“Bottomless” yet again evokes imagery of infinite size, creating a passionate “longing” that cannot be ignored.
However, Sethe’s eyes are never described in response to Beloved’s, depicting a one sided lust, or unrequited love that is present for other characters, namely Denver.
Whereas Beloved’s eyes were “bottomless” and “stretched to the limit” when looking at Sethe, when looking at Denver “deep down in those big black eyes there was no expression at all.
” Denver wants so badly for Beloved to see her and need her, yet it is evident in such language that the feeling is not reciprocated by Beloved.
Yet a hand held out for a penny is still a rather indifferent gesture, an interaction that might happen between strangers on the street, and much different from the infinite emotion that Beloved expresses for Sethe.
Essays On Beloved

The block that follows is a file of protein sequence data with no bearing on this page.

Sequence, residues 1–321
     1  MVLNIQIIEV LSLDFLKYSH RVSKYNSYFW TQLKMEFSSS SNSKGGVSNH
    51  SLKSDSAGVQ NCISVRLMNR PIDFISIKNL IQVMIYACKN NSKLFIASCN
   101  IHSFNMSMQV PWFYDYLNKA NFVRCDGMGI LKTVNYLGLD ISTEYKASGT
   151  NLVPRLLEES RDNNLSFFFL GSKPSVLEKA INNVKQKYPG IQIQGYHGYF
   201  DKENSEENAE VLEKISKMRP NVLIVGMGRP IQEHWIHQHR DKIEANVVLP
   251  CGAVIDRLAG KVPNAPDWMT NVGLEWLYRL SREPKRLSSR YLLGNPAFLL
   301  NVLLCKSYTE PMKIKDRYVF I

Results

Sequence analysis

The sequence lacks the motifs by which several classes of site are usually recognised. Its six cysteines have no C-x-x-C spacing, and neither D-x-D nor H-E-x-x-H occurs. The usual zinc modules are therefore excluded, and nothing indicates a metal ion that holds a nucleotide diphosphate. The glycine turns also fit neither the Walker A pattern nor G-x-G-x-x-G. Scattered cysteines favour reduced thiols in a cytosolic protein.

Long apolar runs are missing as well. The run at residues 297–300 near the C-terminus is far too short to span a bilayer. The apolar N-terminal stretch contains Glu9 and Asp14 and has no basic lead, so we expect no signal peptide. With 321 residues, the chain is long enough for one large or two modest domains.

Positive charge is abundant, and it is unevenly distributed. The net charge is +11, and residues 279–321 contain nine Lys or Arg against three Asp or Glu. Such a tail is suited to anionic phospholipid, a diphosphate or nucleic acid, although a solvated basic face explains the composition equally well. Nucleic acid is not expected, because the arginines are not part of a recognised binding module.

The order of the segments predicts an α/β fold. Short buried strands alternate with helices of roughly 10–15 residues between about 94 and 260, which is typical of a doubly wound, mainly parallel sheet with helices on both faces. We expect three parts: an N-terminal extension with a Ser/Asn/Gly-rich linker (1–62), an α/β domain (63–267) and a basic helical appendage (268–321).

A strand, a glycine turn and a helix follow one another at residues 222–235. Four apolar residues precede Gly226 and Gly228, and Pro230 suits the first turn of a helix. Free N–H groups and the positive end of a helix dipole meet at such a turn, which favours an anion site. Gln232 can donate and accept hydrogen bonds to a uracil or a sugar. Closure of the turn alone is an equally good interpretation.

In “Beloved,” the eyes, and the reaction to others’ eyes, are essential to understanding the emotions expressed by each character.The slavery from which Sethe, Denver, and Beloved are running, is a social construct that fosters the invisibility of blacks.Slaves are not addressed nor understood as human beings, and a slave is always below the master, preventing any possibility of looking the master in the eye, so as to be on equal grounding with him.Yet even though Beloved doesn’t address her specifically\, Denver feels her “heart race,” illustrating the great power that Beloved’s eyes have in the book.Later in the novel, the relationship begins to change, and once every so often, Denver is able to catch a glimpse from Beloved.The lust depicted by the yearning in Beloved’s eyes with Sethe is very different from the relationship she develops with Denver, evident in her empty eyes.No expression at all” describes an impersonal interaction, one in which there is no recognition of Denver on Beloved’s part.Morrison personifies Beloved’s eyes: “Stooping to shake the damper, or snapping sticks for kindlin, Sethe was licked, tasted, eaten by Beloved’s eyes” (68).Beloved’s eyes become a mouth, figuratively eating Sethe up as she gazes. ’ Her eyes stretched to the limit, black as the all-night sky” (66).As time progresses and Denver and Beloved’s relationship is further developed, Denver comes to understand Beloved’s sentiment more thoroughly.Denver later sees that “deep down in [Beloved’s] wide black eyes, back behind the expressionlessness, was a palm held out for a penny” (139).